• January: 288,082,463

Lead writer and researcher Camille Dubuis-Welch states:

"Like it or not, cybercrime is prolific. With an estimated 8,000 cyberattacks per year, staying secure online simply can’t be assumed or left as an afterthought. It’s clear that cybercriminals are getting increasingly creative, that anyone can be targeted and that there is still a lot to learn around prevention and recovery.

While not all cases of a data breach lead to fraud or identity theft, compromised data is still an expensive business for companies and the repercussions stretch further to impact consumer trust and brand reputation, not to mention the mental and financial health of anyone directly involved." 

With the advent of AI-powered tools that hackers are using for increasingly sophisticated attacks, security teams should strive to keep up with the pace of cybercriminals. The guide also offers helpful advice for businesses on how to protect their data against these types of attack: 

  • Rigorous training of staff to help recognise phishing emails and malicious activity is a must

  • Forging a sense of trust with employees is worthwhile too, so that should someone realise they opened a file or clicked a link they shouldn’t have, they will be comfortable reporting the incident over ignoring it which could lead to an aggravated outcome.

  • Set up secure VPNs across all devices (laptop, mobile, tablet, etc). Note that the most protected options will usually be payable, but for many it’s a small price to pay for peace of mind and better security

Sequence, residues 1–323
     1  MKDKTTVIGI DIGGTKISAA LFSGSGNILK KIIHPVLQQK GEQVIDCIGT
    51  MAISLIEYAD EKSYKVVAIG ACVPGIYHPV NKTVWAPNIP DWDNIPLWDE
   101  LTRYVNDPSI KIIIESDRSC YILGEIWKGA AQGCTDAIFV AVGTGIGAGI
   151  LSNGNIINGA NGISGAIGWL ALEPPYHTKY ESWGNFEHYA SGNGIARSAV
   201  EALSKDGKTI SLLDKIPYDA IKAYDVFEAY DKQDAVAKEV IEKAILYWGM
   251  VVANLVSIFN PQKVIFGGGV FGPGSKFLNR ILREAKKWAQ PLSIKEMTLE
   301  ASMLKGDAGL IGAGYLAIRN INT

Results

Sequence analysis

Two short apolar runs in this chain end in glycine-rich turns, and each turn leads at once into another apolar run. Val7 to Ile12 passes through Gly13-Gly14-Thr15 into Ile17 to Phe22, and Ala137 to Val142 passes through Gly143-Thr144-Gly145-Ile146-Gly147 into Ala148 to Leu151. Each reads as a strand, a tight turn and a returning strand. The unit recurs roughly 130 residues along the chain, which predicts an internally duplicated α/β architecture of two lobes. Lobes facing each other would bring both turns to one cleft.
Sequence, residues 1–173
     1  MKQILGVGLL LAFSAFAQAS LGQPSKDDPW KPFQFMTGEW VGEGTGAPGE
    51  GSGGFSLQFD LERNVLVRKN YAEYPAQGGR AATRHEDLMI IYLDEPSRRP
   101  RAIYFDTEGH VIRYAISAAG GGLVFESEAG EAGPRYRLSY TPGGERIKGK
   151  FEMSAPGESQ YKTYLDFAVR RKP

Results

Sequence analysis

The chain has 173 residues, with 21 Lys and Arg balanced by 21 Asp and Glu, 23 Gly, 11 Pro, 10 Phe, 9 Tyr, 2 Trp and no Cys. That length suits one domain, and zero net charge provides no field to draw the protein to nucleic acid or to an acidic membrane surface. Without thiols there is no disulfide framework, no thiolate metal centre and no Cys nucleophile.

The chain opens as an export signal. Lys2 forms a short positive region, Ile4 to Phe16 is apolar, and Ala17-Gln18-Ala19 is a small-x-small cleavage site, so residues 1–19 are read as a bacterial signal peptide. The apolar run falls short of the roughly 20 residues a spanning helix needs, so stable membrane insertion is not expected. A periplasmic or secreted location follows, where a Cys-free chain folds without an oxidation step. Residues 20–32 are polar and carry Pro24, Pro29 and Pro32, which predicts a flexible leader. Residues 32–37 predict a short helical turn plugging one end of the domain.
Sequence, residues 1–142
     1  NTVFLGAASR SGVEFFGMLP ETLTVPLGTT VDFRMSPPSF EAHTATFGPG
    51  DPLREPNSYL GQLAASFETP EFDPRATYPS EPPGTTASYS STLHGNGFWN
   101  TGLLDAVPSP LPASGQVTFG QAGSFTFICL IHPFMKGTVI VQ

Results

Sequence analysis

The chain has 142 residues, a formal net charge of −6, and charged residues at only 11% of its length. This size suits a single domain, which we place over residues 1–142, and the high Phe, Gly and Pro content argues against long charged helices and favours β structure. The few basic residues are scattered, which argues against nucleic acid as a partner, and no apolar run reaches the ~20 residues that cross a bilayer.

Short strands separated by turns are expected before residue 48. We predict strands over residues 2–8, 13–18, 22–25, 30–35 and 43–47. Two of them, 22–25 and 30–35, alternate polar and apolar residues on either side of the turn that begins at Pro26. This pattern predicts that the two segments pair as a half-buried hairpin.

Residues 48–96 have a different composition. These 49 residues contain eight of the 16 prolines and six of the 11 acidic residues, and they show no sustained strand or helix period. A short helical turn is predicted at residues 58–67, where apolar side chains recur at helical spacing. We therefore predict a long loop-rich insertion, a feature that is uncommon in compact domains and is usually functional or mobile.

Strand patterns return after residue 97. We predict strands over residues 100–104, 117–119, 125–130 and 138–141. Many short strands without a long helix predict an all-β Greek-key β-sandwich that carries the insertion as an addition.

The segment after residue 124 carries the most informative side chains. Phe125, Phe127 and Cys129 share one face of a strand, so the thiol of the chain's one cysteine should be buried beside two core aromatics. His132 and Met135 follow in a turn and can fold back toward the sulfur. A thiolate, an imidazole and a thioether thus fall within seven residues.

• Turning on 2FA where you can and updating passwords regularly with a mix of uppercase and lowercase letters, special characters, and numbers that don’t relate to your personal information or replicated across multiple log-ins. Use online tools like Secure Password Generator to help.

Additional info:

  • Data is often stolen by hacking which is someone gaining unauthorised access, usually electronically, to a system. Phishing is a type of social engineering attack whereby seemingly innocuous emails will be sent to victims containing links that may install ransomware or allow a bad actor access to systems. Phishing can also be used to lure people into entering personal information, leading to data theft or fraud.

  • Bad/threat actors refers to anyone who causes harm in the digital sphere; they are slightly different to hackers in that they may not necessarily have technical skills to hack a system but will exploit a vulnerable server, eventually leading to a data breach or another other type of cybercrime.

  • Other factors that commonly lead to a data breach include malware – damaging software that infects devices with viruses – ransomware and spyware. which can then corrupt files and compromise data.

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Noah Rue

Digital Expert

Noah Rue is a writer, a digital nomad, an ESL teacher, and an all around good dude, if he doesn’t say so himself.